Mount Nokogiriyama (鋸山) is a 330-meter tall mountain along the western coast of the Boso Peninsula. Spread out along the slopes of the mountain is Nihonji Temple (日本寺), a Soto Zen Buddhist temple, which was commissioned about 1300 years ago, making it one of the oldest places of worship in the Kanto Region. The temple complex is extensive and consists of multiple areas. A network of walking paths connects the areas, and it takes over an hour to explore them all.
Hundred-shaku Kannon (百尺観音, Hyaku-shaku Kannon)
Towards the top of the mountain stands a 30-meter tall Hyaku-Shaku Kannon, depicting the Buddhist Goddess of Mercy. Carved in 1966 into a stone cliff, it is dedicated to those who died in wars, of sickness or in accidents. The Kannon is also worshiped as a protector of transportation due to its protected location surrounded by rocks.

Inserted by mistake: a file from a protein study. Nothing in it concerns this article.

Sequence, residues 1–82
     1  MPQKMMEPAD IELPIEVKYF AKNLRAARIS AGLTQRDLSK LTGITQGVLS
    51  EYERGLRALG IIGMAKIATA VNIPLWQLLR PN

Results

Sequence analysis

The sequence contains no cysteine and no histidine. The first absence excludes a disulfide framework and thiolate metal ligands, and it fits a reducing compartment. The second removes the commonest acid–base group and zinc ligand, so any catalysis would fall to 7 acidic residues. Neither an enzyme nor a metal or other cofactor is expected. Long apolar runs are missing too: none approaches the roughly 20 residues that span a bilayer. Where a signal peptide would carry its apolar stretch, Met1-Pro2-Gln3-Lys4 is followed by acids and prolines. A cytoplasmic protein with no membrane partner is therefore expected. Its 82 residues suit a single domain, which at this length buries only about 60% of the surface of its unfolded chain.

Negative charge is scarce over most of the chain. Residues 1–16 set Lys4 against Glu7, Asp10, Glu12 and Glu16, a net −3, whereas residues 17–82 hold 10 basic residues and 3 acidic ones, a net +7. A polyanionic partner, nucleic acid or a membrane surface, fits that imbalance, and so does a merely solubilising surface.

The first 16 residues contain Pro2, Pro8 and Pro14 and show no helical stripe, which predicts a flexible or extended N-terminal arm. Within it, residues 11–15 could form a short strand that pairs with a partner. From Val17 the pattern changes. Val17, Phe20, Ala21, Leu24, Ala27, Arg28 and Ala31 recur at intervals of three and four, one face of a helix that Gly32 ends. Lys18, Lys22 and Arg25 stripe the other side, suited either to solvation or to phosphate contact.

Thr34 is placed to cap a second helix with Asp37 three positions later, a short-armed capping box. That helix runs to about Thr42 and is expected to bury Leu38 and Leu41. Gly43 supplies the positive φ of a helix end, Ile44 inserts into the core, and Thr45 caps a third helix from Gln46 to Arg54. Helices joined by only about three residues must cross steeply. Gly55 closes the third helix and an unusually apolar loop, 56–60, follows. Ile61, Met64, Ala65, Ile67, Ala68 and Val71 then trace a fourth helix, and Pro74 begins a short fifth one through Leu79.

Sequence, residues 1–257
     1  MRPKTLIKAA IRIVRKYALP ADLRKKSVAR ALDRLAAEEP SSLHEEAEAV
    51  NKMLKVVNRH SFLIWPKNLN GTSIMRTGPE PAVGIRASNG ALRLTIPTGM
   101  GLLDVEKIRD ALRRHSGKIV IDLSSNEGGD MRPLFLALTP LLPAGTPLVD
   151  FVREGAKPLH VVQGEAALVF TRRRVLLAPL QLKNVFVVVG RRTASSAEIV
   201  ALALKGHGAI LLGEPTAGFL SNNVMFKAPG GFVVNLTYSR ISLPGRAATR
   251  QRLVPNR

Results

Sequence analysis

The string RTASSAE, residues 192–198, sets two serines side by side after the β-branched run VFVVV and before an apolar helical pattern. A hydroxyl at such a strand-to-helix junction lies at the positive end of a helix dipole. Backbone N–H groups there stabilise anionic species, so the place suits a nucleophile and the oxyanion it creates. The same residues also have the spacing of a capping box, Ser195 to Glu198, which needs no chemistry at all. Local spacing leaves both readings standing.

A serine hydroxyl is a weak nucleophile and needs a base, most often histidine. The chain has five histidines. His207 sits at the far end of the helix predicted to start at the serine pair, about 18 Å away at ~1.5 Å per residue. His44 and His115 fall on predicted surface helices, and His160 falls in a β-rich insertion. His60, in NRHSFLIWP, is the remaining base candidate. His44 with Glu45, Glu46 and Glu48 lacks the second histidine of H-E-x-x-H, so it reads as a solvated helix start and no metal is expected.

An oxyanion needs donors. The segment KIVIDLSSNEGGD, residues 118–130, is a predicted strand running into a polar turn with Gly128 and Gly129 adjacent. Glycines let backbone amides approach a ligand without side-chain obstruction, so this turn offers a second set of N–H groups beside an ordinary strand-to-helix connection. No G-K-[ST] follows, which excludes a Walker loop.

“View of Hell” (地獄のぞき, Jigoku Nozoki)
At the peak of the mountain are a couple of viewpoints, including the “Jigoku Nozoki” (Hell Lookout), offering views from a rock jutting off of a sheer cliff. From the peak, you can enjoy views of the Boso Peninsula and Tokyo Bay, and see Mount Fuji and the Tokyo Skytree on clear days.
Nihonji Daibutsu (Yakushi Nyorai) (日本寺大仏, Nihon-ji Daibutsu)
There are various entry points into the temple grounds. The regular approach starts at the bottom of the mountain; however, most people enter further up via parking areas or by ropeway as most of the temple’s main attractions are located at higher altitudes. The temple’s main attraction, a 31 meter tall Daibutsu (Big Buddha), stands midway up the mountain. The Daibutsu is a stone statue depicting the Yakushi Buddha which was carved here over three years from 1780.
1,500 Arhat (千五百羅漢, Sen-Gohyaku Rakan)
Lining the walking paths further up the mountain are 1500 statues of Buddhist disciples (rakan), carved out of stone over 20 years by the same master artisan who created the Daibutsu. These smaller statues can be found in various nooks around the mountain, in different poses and positions. Unfortunately, many of them were beheaded during the short anti-Buddhist movement that accompanied the Meiji Restoration, but there are ongoing efforts to repair them.